The AI, machine learning, and data science conundrum: Who will manage the algorithms?

Artificial intelligence and machine learning are being adopted at a rapid clip, and the management headaches are just about to begin.
Written by Larry Dignan, Contributor

Artificial intelligence and machine learning are being adopted into the enterprise at a rapid clip and adoption is likely to surge in 2019. What comes next is the real business challenge: How will we manage technology that we likely don't understand?

The issue is likely to bubble up in the year ahead. For now, most of us are lulled into thinking more algorithms are better and even assuming we can outsource critical thought to models. Why hurt our brains when we can trust Einstein, Watson, Alexa, Google Assistant, and other software tools to think for us?

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According to IDC, global spending on AI and cognitive technologies will reach $19.1 billion in 2018, up 54.2 percent compared to a year ago. By 2021, AI and cognitive spending will hit $52.2 billion. If you're not spending on AI, you may need some computer-assisted help to set your budget.

Here's a look at the top use cases from IDC.


And here's a reality check: Not all of these AI implementations are going to go well. Why? Managing AI may be one of the biggest business challenges in the year ahead. AI will be like most enterprise technologies -- ERP, CRM, HCM, blah, blah, blah -- and fail to be a magic bullet.

Consider the following moving parts:

  1. Every business technology leader needs an artificial intelligence and machine learning strategy. Why? The board is asking.
  2. In response to this demand, cloud providers such as AWS, Microsoft, and Google are starting to package AI services to address horizontal functions such as recommendations, contact center and HR recruiting. Those moves will make AI easier to consume.
  3. There is a shortage of data scientists available to truly kick the tires on models and algorithms. A few companies I've talked to have a data science team to put AI tools through their paces, but most don't.
  4. There is little transparency in the models being sold, inherent bias, or fine print. IBM Research recently proposed an effort to add the equivalent of a UL rating to AI services. IBM Research is on target.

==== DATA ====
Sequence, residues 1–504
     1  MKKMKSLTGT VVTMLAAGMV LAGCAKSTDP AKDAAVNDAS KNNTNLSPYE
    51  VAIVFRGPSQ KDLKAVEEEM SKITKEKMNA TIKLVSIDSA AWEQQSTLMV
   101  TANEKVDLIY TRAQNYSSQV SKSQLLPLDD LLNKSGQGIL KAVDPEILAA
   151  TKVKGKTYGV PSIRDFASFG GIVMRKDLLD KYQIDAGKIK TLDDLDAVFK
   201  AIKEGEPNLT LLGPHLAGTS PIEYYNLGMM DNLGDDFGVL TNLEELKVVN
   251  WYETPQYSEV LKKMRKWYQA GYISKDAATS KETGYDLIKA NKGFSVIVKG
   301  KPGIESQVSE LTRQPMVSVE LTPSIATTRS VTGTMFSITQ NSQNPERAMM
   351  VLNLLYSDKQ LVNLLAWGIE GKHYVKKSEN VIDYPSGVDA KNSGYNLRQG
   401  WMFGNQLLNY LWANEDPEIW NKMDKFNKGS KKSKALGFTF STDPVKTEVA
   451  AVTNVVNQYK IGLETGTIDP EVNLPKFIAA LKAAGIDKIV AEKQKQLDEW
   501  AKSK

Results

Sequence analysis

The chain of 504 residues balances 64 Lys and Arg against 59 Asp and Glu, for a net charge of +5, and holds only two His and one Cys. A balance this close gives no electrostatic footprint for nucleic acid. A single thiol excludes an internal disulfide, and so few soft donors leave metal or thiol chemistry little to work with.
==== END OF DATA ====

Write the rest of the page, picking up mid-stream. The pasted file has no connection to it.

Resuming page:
5. Universities are adding data science programs to business schools, but these students won't become C-level executives for a while.
  6. As technology buyers we are trained to buy black boxes that will fix our problems and offer us "solutions."

That list is a lot to digest. Rest assured we're going to get a collective case of AI implementation indigestion due to algorithm sprawl, project management issues, and vendor hype. We're also likely to hit Gartner's trough of disillusionment soon. Maybe even tomorrow.

(Image: Gartner)

Gartner's Emerging Technology Hype Cycle has AI all over it. Gartner is betting that AI technologies such as AI platform as a service (PaaS), Artificial General Intelligence, autonomous driving, conversational AI platform, deep neural nets, and virtual assistants will be mainstream in the next two to five years. According to Gartner, AI technology will be "virtually everywhere over the next 10 years."

As far as marketing goes, AI is already everywhere.

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The trick will be figuring out how everyone from mid-level managers to C-level execs are going to use this AI and manage what they aren't likely to fully understand. The real fun is just starting.

More AI:

How ubiquitous AI will permeate everything we do without our knowledge.

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